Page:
brent johnson highlights one of the best places to see live theater in New Jersey, staged in one of the most unusual settings …
At the end of the boardwalk in Asbury Park, N.J., past the modern-looking shops and restaurants, sits a relic of the Jersey Shore: a circular, green-metal building that once housed a carousel.
Inside, you’d expect to find cobweb-covered horses of a ride that shuttered years ago.
Instead, it’s now the home of an exciting theater company.
Over the last few years, ReVision Theatre has staged unique, edgy shows in the most unusual of settings. Patrons pack inside the creaky old carousel house to watch New York-trained actors grace a square wooden stage. It’s like a small Manhattan theater production — only, a few hundred feet from the Atlantic Ocean.
When they’re not performing original shows or little-known pieces, the company’s goal is to put a new spin on famous plays.
“We don’t want to do what they did on Broadway,” says David E. Leidholdt, ReVision’s co-artistic director. “We go against that. We want directors to have their own take.”
Recently, that meant staging Spring Awakening, the 2007 Tony winner for Best Musical — featuring book and lyrics by Steven Sater about teenagers discovering sex in 19th century Germany, with a rock-music score composed by pop singer Duncan Sheik. ReVision didn’t shy away from showing nudity. And thrillingly, the actors often delivered their lines a few inches from audience members’ faces, staring directly into their eyes. Then, at the show’s climax, a live band stepped out from behind a curtain to join the cast in the middle of the stage.
For Leidholdt, productions like this are a lot more risky than some of the shows he’s put on in the past. He used to work dinner theater in buttoned-down Ohio.
“You’re doing Fiddler On The Roof, and they want it exactly the way it’s been done for 50 years,” he recalls. “But Asbury Park is a unique town. It’s not very conservative. It’s very diverse. It’s got a bit of an edge.”
ReVision actually has its roots in the vaunted New York theater world. Leidholdt and his ReVision co-artistic director, Thomas Morrissey, helped found the Genesius Theatre Guild in the city in the mid-1990s. But a few years ago, they decided to take the company out of New York. That’s when they discovered Asbury Park.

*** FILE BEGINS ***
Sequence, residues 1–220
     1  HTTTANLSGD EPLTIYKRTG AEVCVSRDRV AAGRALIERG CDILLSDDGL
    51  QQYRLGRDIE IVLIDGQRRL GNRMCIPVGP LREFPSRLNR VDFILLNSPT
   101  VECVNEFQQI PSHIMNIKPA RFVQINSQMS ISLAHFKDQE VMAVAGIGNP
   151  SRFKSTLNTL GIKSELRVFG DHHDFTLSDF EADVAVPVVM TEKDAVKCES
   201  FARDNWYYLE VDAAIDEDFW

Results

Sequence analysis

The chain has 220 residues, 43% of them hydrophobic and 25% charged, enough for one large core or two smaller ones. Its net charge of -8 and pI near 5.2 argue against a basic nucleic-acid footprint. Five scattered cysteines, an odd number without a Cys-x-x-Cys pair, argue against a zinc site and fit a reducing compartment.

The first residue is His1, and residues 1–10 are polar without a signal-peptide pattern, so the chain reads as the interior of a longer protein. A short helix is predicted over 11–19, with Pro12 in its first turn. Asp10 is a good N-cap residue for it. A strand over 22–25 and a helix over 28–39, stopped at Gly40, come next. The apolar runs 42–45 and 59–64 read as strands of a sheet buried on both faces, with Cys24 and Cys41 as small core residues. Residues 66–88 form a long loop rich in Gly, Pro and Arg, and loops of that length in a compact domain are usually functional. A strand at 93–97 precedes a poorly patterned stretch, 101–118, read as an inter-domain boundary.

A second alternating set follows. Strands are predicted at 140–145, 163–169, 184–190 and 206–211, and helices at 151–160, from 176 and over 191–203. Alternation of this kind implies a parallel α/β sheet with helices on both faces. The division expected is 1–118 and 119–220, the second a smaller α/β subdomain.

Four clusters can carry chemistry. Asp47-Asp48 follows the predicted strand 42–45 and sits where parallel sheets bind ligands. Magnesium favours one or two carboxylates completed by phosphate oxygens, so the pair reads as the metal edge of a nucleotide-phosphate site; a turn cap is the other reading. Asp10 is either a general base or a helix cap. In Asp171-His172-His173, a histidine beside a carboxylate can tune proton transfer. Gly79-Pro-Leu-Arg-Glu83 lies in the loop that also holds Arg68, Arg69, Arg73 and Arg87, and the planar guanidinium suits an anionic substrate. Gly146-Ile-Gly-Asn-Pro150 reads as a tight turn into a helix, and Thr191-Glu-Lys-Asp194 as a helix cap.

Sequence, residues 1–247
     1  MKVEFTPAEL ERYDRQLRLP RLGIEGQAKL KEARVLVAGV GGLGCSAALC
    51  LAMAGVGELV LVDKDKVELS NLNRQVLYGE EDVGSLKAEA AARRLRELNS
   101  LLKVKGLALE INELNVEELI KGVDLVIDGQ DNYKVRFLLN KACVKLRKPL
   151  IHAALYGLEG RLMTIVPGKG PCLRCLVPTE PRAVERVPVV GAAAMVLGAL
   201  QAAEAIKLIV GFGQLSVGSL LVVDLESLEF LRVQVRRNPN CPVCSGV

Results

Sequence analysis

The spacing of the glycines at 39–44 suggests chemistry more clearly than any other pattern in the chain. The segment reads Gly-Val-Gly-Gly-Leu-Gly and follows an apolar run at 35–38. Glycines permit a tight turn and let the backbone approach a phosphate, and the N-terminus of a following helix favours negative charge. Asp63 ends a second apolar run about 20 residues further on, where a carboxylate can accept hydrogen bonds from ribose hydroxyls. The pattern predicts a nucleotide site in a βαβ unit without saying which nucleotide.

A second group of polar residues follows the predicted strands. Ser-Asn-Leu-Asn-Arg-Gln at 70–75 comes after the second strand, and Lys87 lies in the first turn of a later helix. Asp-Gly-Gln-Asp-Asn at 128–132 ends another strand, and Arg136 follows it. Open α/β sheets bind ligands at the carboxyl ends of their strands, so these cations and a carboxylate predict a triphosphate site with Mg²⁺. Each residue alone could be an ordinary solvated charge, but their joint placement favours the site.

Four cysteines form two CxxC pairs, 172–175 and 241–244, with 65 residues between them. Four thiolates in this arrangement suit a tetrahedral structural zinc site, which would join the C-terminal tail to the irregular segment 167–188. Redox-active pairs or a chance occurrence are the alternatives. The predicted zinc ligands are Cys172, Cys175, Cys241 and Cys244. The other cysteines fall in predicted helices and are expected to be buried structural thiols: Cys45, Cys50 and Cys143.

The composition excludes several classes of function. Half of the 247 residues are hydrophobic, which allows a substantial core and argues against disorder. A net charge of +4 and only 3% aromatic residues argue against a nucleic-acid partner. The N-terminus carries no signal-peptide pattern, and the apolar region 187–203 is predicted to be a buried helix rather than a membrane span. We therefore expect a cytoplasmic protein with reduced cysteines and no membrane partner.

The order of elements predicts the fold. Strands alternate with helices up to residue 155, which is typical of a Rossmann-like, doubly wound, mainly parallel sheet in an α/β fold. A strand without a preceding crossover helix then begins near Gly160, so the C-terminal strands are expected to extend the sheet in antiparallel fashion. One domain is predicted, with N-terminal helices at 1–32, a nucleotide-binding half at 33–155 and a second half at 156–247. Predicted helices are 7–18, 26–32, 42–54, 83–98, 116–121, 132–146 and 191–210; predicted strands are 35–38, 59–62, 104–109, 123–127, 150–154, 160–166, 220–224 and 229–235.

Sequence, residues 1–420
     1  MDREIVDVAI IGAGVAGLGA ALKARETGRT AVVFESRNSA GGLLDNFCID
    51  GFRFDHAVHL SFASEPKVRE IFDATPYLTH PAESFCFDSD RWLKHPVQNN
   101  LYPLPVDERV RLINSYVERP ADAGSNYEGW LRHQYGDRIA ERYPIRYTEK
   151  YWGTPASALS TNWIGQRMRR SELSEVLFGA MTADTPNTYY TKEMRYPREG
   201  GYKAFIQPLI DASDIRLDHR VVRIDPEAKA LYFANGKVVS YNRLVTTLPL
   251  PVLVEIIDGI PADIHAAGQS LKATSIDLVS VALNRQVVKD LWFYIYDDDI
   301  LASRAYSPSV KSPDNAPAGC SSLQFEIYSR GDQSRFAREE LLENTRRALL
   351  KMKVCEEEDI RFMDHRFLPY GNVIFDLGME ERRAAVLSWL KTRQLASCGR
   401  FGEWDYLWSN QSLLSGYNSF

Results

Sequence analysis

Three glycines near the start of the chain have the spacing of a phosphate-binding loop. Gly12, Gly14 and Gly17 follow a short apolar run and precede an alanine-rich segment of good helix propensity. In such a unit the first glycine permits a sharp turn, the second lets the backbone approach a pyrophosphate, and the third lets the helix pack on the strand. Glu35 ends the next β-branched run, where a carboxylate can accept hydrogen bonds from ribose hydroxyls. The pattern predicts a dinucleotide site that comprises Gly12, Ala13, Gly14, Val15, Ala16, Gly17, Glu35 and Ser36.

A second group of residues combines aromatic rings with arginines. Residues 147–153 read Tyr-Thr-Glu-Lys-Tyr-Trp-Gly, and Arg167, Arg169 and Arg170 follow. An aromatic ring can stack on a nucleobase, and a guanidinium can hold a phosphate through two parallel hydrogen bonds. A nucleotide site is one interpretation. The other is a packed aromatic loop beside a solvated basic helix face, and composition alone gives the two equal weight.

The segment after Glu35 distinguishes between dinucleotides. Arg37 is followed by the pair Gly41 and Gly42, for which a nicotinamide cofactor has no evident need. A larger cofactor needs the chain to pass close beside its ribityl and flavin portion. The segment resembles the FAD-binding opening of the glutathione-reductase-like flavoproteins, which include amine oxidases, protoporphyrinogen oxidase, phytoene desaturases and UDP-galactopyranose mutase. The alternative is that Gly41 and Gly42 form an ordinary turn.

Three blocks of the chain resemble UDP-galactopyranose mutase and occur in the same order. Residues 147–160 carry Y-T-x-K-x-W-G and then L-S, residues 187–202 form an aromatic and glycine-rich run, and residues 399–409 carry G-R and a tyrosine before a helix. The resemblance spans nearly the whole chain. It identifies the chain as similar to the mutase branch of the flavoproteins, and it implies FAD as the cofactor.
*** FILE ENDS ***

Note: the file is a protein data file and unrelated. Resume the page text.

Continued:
In the mid-20th century, Asbury Park was a Jersey Shore destination — filled with amusement rides and thousands of beachgoers. But it hit hard times in the 1990s, seeing much of the boardwalk boarded up and the beaches deserted. Over the last few years, though, the beachfront has been rehabilitated with shops, restaurants and live music. The carousel house is one of the few leftovers from the old days, making the boardwalk a striking mixture of vintage and new.
The city’s population has also shifted — seeing more black, gay and Latino residents move in alongside Baby Boomers and weekenders from New York. In other words, it’s a mile away from the Garden State shown on MTV’s Jersey Shore.
“Actors get freaked out — ‘I’m going to New Jersey? Do I need a passport?'” Leidholdt jokes. “But I always say, ‘This isn’t your grandma’s New Jersey.'”
Apparently. When ReVision staged the counterculture classic Hair — complete with bare skin — Leiholdt was shocked at the response.
“We were concerned people would complain,” he says with a laugh. “They only complained the nude scene was not long enough.”
ReVision’s current production is called The Break Up Notebook. Its subtitle: ‘The Lesbian Musical.’
“It’s just about a girl who breaks up with her girlfriend and is trying to find love,” Leidholdt says. “It’s a very accessible script. It just happens to be about two women. It’s very fun, it’s very funny.”
The little-known play was originally produced in California, featuring a book by Patricia Cotter, music and lyrics by Lori Scarlett and additional music by David Manning. ReVision’s version — which runs through Sept. 25 — stars Christine Lakin, best known to Generation Y as Al, the tomboy daughter on 1990s sitcom Step By Step.
Most of ReVision’s actors live and were trained in New York, giving the company more heft than other local theaters. But some are from New Jersey. ReVision holds local auditions, as well.
Asbury Park has also become a destination for Halloween, with ghost tours and a zombie walk — and ReVision gets in the spirit. Last year, they produced The Rocky Horror Show. This year, they’ll stage Little Shop Of Horrors from Oct. 6-31. They close the year with four performances of the original show A Christmas Survival Guide from Dec. 16-18.
This year’s season was ReVision’s biggest yet, with six shows. Their goal is to be a year-round theater company.
As for the venue? The carousel house provides them with an offbeat, attention-grabbing location. But it comes with a price: It’s old, rickety — and during a recent performance of Spring Awakening, a storm ravaged the area, causing the roof to leak and the parking lot to flood. Hurricane Irene also led ReVision to cancel the final few performances of the show’s run. If they want to stay at the carousel, Leidholdt says, they’ll have to renovate it.
“We love it and hate it there right now,” he explains. “It’s not an indoor or outdoor venue. It’s somewhere right in the middle.
“But it’s also kind of magical at the same time — cool and fun.”
Just like ReVision itself.
ReVision Theatre holds performances at the carousel house in Asbury Park on Wednesdays through Sundays. For more information, visit their website.